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Referencing: Print, Online & Media Resources: Online Journal Articles

E-journals & DOIs

E-books and electronic journal articles can contain a number which identifies them, called a DOI (Digital Object Identifier). A DOI is a string of numbers, letters and symbols used to permanently identify an article or document and link to it on the web. A DOI will help your reader easily locate a document from your citation. It is like a PPS number for the article you’re citing — it will always refer to that article, and only that one (source: UIC).

A DOI is not the same as an ISBN, but it does the same thing - it is a unique number assigned to a piece of work that allows you to find the work even if the work moves databases or websites, etc. The DOI is a hyperlink which can take you to the article in one click. 

If you know the DOI it is best to include it in your references/bibliography so that you know you're linking directly to the correct article, and to make it easy for the reader to check the source. If there is no DOI for an article, use the URL for the journal homepage or the URL for the library database where you found the article.

APA Style

Reference: Author(s) Last name, Initials. (Year). Article title. Journal title, Volume, Page numbers. DOI/URL

Example: Hayes, B. C., McAllister, I., & Dowds, L. (2007). Integrated Education, Intergroup Relations, and Political Identities in Northern Ireland. Social Problems, 54, 454-482. doi: 10.1525/sp.2007.54.4.454.


  • Author(s) Last name (Year)
  • (Author(s) Last name Year)


  • Hayes et al. (2007) show...
  • A different approach (Hayes et al., 2007) shows….

Note: if no DOI is available insert “Retrieved from URL”.

Articles with multiple authors follow the same pattern. 

Source: UCD Library

Harvard Style

Reference: Author(s) Last name, Initials. (Year) ‘Article title’, Journal Title, Volume(Issue), pp. page numbers. Available at: URL (Accessed Day Month Year).

Example: Hawke, J., Wadsworth, S., & DeFries, J. (2006) ‘Genetic influences on reading difficulties in boys and girls: the Colorado twin study’, Dyslexia, 12(1), pp. 21-29 . Available at: (Accessed 10 February 2009).


  • Author(s) Last name (Year)
  • (Author(s) Last name, Year)


  • Hawke, Wadsworth and DeFries (2006) argue ….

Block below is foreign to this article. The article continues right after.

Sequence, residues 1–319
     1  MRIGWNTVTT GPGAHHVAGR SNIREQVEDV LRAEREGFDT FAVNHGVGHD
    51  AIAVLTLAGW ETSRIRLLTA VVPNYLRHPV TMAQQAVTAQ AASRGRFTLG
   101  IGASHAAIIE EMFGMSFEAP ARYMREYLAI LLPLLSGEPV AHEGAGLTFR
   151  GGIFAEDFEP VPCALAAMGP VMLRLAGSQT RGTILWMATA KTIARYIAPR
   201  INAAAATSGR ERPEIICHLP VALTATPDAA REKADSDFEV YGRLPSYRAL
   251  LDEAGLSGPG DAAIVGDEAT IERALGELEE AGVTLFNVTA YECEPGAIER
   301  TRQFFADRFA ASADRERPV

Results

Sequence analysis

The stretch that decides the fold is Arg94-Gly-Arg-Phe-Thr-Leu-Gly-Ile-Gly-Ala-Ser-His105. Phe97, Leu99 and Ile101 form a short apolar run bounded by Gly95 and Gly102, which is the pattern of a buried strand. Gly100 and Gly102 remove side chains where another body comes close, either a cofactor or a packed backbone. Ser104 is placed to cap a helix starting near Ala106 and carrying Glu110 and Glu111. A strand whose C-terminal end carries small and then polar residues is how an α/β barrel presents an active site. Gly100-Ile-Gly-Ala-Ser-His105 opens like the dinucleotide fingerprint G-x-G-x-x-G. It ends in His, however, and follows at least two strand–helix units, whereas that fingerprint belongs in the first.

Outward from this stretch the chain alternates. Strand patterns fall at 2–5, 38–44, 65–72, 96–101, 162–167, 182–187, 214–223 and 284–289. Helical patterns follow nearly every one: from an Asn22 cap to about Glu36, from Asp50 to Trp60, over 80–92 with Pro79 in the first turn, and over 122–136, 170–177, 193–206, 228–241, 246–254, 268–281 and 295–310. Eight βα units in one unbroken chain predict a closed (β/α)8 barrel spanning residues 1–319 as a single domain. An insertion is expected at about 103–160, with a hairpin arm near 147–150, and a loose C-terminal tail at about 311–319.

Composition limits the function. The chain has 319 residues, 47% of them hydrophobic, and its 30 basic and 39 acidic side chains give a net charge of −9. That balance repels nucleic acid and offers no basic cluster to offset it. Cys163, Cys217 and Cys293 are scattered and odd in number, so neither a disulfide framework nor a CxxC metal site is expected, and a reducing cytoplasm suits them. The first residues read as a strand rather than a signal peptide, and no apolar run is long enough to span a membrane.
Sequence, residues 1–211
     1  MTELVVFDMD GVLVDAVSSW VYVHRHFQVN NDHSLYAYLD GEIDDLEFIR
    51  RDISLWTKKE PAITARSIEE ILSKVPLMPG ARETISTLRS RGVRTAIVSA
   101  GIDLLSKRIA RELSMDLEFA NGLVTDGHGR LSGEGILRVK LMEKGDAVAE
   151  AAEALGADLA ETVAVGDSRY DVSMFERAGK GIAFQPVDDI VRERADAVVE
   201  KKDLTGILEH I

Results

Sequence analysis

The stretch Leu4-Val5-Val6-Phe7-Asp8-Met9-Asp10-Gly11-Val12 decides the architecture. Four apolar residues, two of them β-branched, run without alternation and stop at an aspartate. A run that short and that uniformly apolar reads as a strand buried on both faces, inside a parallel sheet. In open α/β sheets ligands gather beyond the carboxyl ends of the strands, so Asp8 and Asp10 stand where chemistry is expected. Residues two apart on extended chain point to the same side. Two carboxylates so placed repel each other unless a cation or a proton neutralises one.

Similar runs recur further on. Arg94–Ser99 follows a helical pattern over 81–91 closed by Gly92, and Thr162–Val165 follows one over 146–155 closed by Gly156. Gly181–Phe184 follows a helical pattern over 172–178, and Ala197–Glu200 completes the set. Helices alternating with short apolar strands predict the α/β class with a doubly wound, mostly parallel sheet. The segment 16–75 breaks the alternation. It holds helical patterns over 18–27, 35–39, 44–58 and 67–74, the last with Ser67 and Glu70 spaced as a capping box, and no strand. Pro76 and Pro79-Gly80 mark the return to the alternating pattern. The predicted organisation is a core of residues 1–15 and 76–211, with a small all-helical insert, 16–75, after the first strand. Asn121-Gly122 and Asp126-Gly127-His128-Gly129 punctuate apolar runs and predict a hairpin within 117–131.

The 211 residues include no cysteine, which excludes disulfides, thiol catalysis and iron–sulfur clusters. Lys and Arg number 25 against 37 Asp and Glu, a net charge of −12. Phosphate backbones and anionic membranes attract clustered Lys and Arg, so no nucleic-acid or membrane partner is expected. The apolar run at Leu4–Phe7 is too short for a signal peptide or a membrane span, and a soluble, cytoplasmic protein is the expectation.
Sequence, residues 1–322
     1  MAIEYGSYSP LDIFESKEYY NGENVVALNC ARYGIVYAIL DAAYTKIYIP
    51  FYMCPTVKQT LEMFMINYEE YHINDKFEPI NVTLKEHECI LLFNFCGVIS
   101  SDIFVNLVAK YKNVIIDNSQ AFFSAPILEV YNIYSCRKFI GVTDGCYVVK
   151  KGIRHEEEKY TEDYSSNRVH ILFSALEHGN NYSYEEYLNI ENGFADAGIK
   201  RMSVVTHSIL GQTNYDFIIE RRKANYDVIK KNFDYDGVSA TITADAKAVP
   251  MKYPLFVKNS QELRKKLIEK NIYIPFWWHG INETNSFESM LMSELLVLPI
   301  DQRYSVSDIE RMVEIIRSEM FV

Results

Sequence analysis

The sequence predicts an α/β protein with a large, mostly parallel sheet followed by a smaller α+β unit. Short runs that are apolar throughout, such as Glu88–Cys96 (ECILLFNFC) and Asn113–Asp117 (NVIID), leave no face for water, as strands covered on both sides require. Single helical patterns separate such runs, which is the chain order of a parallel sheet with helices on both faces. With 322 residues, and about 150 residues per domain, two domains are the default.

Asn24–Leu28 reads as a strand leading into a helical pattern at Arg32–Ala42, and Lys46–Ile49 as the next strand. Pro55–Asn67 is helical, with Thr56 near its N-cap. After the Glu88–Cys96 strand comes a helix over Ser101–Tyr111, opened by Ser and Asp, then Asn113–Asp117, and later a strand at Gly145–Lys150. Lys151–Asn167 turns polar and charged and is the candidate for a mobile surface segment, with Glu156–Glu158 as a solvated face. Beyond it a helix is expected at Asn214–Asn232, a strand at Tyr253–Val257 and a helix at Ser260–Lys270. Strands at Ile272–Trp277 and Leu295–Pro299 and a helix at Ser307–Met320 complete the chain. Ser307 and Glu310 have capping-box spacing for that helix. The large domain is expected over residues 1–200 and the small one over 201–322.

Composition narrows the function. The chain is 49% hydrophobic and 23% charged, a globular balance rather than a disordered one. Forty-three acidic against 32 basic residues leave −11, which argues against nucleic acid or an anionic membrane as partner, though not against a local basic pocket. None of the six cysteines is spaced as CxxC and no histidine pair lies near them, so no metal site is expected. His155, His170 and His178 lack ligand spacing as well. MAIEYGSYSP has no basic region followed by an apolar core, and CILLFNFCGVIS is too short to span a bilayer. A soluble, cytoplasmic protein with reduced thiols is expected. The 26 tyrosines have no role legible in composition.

• Others have shown (Hawke, Wadsworth and DeFries, 2006).... 

Source: UCD Library

MHRA Style

There are two styles of MHRA referencing - footnotes/bibliography style and author/date style. This guide covers notes/bibliography style. For more information on both types of styles please see information here from the Univeristy of St. Andrews, and here from the MHRA style guide online. 

Right click + open image in new tab to see a larger version. 

Source: Swansea University

MLA Style

Reference: First author's Last name, First name and next author(s) First name Last name. "Title of Article." Journal Title, vol. Volume, no., Year, pp. Page range. Database, Location/Link

Example: Faris, Marc. “That Chicago Sound: Playing with (Local) Identity in Underground Rock.” Popular Music & Society, vol. 27, 2004, pp. 429-454. Taylor & Francis Online, doi: 10.1080/0300776042000264658.


  • (Author's Last name Page no)
  • (Page no)


  • Exploring this topic (Faris 440)….
  • Faris (440) highlights the role….

Source: UCD Library

Chicago Style - NOTE

Please note that there are two style of Chicago referencing: author/date style and notes/bibliography style. This guide covers notes/bibliography style. 

Chicago Style

In-Text Citation: Use a superscript number (like this: ¹) in the text at the place where you are indicating that you are citing from a source.

Footnote: #. Author(s) First name Last name, “Title of Article,” Journal Title Volume, Issue no. (Year): page, accessed Month Day, Year, doi or url:

Bibliography: Author(s) Last name, First name. “Title of Article.” Journal Title Volume, Issue no. (Year): Pages. Accessed Month Day, Year. doi or url:.


In-Text Citation: Sanderson estimates that most surviving game boards show evidence of at least five years' use.³

Footnote3. Lynda Mulvin and Steven E. Sidebotham. “Roman Game Boards from Abu Sha'ar (Red Sea Coast, Egypt),” Antiquity 78, no. 301 (2004): 604, accessed May 27, 2013, url:

NOTE: When a source is referenced more than once on the same page a shortened form of footnote is used after the first reference, as seen below.

Second footnote: Mulvin & Sidebotham, "Roman Game Boards", 604.

Bibliography: Mulvin, Lynda and Steven E. Sidebotham. "Roman Game Boards from Abu Sha'ar (Red Sea Coast, Egypt)." Antiquity 78, no. 301 (2004): 602-617. Accessed May 27, 2013. url:


Source: UCD Library